Rutland is a small Vermont town sitting just on the edge of the Appalachian Trail with a dwindling economy and an aging, majority white population. Last year, Rutland drew national attention for its plan to accept and resettle 25 to 50 refugee families. This plan, though, never came to fruition. Instead, only 3 families were resettled in Vermont. However, this stands as a testament to the conflicting opinions that still surround this issue. Many of Rutland’s residents, including then-Mayor Christopher Louras, wanted the refugees in Rutland. They felt it a moral imperative and a way to revitalize and diversify their fading city. It was a way to catch up with the times.
However, many others strongly opposed this sentiment, rallying against those in favor and accusing the mayor of secrecy. In some part, they feared the cost of harboring refugees in their small community. How could the economically struggling city support more people? But it was not just a question of economics; some residents were more fearful of the thought of Muslims- an unknown- joining their community.
Rutland’s final refugee family was settled in June. Shortly thereafter, the Supreme Court ruled in favor of a partial ban. However, the debate in Rutland and our country, wages on.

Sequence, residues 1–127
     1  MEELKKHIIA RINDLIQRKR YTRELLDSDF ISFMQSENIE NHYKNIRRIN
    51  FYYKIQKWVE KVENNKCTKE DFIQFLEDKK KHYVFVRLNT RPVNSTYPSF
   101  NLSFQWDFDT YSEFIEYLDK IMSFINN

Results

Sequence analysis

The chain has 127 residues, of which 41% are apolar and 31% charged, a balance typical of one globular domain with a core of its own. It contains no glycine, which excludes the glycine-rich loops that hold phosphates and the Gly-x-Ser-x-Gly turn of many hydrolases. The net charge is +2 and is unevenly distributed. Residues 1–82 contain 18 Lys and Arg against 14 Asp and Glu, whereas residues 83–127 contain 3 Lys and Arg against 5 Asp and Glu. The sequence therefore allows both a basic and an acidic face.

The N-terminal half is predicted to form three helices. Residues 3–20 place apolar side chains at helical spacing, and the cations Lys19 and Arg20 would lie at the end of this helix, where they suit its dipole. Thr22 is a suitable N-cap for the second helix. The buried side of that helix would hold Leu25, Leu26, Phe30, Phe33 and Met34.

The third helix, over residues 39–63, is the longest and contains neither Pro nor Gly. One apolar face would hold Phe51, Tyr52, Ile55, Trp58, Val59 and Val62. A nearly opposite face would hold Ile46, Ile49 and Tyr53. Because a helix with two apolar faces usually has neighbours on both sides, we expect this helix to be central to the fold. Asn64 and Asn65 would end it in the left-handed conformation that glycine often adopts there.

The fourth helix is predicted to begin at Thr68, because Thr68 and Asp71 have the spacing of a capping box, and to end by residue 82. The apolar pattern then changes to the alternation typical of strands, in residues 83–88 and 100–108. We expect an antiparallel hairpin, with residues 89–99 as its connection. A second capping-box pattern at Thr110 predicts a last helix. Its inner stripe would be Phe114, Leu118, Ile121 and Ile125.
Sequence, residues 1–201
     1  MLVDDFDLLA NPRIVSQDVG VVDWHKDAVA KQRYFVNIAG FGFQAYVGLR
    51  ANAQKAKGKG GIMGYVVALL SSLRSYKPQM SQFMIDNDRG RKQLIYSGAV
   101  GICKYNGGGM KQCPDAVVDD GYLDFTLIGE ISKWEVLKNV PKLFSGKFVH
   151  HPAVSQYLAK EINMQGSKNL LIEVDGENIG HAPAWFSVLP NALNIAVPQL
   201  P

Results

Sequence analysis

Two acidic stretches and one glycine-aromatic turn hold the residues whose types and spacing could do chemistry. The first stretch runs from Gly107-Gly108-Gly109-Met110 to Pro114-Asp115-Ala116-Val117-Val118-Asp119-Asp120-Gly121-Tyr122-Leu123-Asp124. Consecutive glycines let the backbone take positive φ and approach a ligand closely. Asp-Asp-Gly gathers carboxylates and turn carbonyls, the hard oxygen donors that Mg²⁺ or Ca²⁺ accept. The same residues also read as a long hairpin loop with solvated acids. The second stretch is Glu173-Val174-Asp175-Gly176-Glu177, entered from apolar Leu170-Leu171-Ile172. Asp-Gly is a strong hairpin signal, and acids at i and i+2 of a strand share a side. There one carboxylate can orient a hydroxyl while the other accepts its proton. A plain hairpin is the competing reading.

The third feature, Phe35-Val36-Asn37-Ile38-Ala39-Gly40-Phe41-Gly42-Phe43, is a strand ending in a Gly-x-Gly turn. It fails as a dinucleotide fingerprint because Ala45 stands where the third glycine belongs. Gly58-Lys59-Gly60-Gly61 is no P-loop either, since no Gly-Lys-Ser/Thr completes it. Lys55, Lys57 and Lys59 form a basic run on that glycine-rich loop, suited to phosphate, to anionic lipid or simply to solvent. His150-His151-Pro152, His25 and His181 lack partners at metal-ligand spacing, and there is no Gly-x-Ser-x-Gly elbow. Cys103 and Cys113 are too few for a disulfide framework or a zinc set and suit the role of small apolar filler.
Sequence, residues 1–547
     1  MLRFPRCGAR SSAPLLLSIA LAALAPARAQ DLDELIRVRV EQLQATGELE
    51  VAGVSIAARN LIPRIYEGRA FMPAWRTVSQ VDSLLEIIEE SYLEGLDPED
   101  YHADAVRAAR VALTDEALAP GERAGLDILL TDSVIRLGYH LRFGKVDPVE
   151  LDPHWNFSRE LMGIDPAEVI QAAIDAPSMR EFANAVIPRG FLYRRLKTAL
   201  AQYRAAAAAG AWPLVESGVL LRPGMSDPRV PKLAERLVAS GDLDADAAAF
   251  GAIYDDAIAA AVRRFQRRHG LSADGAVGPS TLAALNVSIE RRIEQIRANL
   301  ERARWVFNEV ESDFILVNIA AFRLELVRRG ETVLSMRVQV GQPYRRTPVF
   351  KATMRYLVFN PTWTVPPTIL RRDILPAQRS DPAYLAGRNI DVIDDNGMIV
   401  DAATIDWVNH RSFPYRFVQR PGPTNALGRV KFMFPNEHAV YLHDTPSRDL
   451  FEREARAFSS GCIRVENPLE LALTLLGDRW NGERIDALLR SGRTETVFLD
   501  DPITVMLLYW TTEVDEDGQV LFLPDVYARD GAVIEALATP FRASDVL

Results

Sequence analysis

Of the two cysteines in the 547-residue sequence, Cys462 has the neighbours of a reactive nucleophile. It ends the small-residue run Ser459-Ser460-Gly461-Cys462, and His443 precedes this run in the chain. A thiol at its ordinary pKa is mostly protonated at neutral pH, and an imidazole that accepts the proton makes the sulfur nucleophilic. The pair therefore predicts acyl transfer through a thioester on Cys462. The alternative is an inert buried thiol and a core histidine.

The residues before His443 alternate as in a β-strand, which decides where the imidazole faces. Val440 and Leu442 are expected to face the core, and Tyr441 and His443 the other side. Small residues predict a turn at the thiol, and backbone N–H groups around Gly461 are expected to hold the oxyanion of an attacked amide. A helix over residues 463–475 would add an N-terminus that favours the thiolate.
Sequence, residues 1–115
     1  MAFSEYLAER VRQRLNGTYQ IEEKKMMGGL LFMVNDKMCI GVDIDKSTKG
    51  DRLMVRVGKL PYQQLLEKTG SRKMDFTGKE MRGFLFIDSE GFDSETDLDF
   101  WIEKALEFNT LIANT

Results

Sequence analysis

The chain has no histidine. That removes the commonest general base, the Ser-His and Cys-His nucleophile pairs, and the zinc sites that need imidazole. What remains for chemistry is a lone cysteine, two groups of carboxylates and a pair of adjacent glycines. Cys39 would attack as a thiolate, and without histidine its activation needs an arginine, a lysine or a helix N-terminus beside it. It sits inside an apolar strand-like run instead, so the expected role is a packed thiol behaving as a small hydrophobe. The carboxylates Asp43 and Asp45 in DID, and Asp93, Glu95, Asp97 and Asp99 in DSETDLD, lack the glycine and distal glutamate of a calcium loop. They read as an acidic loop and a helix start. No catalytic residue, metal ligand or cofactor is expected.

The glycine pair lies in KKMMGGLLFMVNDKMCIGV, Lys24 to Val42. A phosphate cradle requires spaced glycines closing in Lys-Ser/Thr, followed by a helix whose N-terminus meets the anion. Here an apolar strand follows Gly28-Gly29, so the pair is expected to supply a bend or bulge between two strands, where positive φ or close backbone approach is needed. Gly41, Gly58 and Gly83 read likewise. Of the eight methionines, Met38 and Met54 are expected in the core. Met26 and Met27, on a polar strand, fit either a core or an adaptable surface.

“Both sides felt misunderstood and misrepresented,” says the Washington Post, “and a year after the ban was implemented, there is a lingering sadness and bitterness here, even in the absence of debate. The refugees so far have presented zero threats to anyone’s safety, and there have been no reports of refugees facing harassment. They have tried to quietly blend in, and to a large extent they have succeeded.”
However, with the refugee cap at well below the desired 75,000, and numbers of entrants even lower, the State Department has instructed agencies to consolidate operations and “zero out” sites like Rutland.
USCRI Vermont Director, Amila Merdzanovic, told local allies last week that there would be no more refugees resettled in Rutland this fiscal year.
Those already resettled in town have remained out of the spotlight. The refugees don’t want to talk to reporters or address town hall meetings, Merdzanovic said. They don’t want to speak for a war-ravaged Syria, she said. They don’t want to be the symbols of the national debate or the small town struggle.
For now, what these families want is peace and the chance to start over.
Read the Washington Post article on the topic here.